But what actually happens to our industrial waste?

  • In business, we might work it out, but we never really know what happens next. Whether at our home, but also for business.
  • The second case is interesting because according to figures from the Ecological Transition Bureau Ademe, each employee annually produces between 120 and 140 kg of waste at his workplace.
  • However, the recycling rate for certain materials remains quite low. On the occasion of World Recycling Day, this Saturday, “20 Minutes” wondered why.

It is perhaps one of the greatest mysteries of our daily lives: recycling. We may sort our waste every day, but knowing where it goes afterwards is still very vague. A recent study du Guardian published in August revealed that recycling – especially of plastic – was a myth. The journalist highlighted a figure: of the 8.3 billion tons of plastic produced worldwide, the recycling rate was only 9%. Only everything that is not recycled falls into an obscure industry, that of waste. If they are not destroyed on site in Europe, the waste will be sent to Asia to find a new life.

But why can’t we recycle all our waste – which is sorted daily anyway by the sweat on the brow of every Frenchman? Take the case of companies, for example. According to Ademe figures for 2018, office life represents an average of 2.4 million tons of waste produced in France. Since 2016, companies with more than 20 employees are required to sort office paper. And in 2018, new categories of waste were added to these obligations: cardboard, plastic and cans. However, the recycling rate is far from 100%. This is 61% for cans and plastic bottles, compared to a recycling rate of 35% for waste paper.

A never perfect sorting

To better understand where our waste goes, go to a sorting center in Gennevilliers (Hauts-de-Seine), where 20 minutes met Constance Bachoud, director of Innovation, Circular Economy and Corporate Social Responsibility (CSR) at Tri-o Greenwishes. This company acts as a kind of waste janitor. “We are preparing the work for the recycling industry,” Constance Bachoud sums up. If companies now have the obligation to set up recycling in their premises, the result is not always perfect. “Even though the employees are doing the best they can, there’s always a handkerchief lying around and it’s imperative that we have a material segregation.”

Waste is collected, weighed and sorted in this 2,000 m2 warehouse. On one side the plastic bottles, on the other side the cans. Then on, the towels. After sorting, the waste forms a column of pallet boxes and when a sufficient number has been reached, everything passes through an Artificial Intelligence machine with robot arms. Then everything is consolidated and takes on the dizzying shape of a column of one and the same material. The sorted waste then goes back to recycling plants across France.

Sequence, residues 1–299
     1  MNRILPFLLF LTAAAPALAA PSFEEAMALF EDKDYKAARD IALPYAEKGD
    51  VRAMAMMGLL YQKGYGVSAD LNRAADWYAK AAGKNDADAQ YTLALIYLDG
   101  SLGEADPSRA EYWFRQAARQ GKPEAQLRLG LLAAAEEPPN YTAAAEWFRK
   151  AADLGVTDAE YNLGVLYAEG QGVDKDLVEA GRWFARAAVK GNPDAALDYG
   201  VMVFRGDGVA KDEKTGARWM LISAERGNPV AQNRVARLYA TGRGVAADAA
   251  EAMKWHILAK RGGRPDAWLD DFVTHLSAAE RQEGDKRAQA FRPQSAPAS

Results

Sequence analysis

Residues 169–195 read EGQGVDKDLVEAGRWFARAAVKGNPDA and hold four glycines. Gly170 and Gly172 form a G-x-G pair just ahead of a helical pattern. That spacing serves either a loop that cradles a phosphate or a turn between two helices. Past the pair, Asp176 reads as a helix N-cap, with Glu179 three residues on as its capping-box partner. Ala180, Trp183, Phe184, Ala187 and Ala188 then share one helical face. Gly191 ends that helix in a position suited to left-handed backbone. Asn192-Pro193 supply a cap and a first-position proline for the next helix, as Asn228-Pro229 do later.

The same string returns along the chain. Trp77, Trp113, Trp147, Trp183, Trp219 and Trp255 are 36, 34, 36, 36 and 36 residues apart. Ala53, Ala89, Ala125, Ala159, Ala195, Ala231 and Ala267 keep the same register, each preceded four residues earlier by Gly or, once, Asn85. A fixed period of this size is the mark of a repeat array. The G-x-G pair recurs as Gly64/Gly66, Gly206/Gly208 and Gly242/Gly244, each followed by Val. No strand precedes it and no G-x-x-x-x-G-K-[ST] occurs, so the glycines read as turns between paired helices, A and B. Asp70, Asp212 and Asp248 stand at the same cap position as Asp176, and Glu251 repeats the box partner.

The plague of plastic

So why are recycling rates still so low today? “For materials that are very old and that we have known for a long time – glass, metal, paper, cardboard – the recycling system is very, very well established,” explains Constance Bachoud. The hobbyhorse of recycling today remains plastic, which exists in various functions and forms. “The first benefit, at least for packaging, is to protect a product,” quotes the director of innovation. However, some packaging can sometimes mix different types of plastic, further complicating recycling.

Take the case of yogurt pots. Once they’re notched, the packaging is primarily made of polystyrene, a type of plastic that differs from bottles, for example. “A first challenge is that once it arrives at the sorting center, it goes through a set of machines. The yoghurt pot is quite fragile, if you swing it in all directions it will break. How do you get your yogurt pot if you have huge machines? And are we willing to accept the fact that we are withdrawing knowing that there are still many restrictions? asks Constance Bachoud. For the latter, there are still many investments to be made in plastic, which means “a major challenge”. If not the largest recycling today.

“Push the Regulatory Part”

However, in the coming years, the anti-waste law for a circular economy – says AGEC – is likely to change the situation. “We are going to see the development of reuse”, Constance Bachoud is delighted. After all, since January 1, 2023, restaurants and fast food are no longer allowed to serve their meals in disposable dishes… which could ultimately greatly reduce company waste.

But to reduce the environmental impact of companies and their daily waste, Constance Bachoud also advocates more legal frameworks. “We need to push the regulatory part on the collection issue, that companies really have an obligation to do this”. Then there could also be stricter controls within the companies themselves to check whether everyone is playing the game.

And the food industry in all this? Could they be forced to develop materials that are easier to recycle in the future? For several years now, they have been obliged to integrate more and more recycled materials. “Furthermore, like other European countries, France is subject to a plastic tax on plastic recycling. And since the recycling rate of plastic is not great, France paid a lot,” adds Constance Bachoud. Talks between the two sectors are still ongoing. “But it is very long,” regrets our interlocutor.

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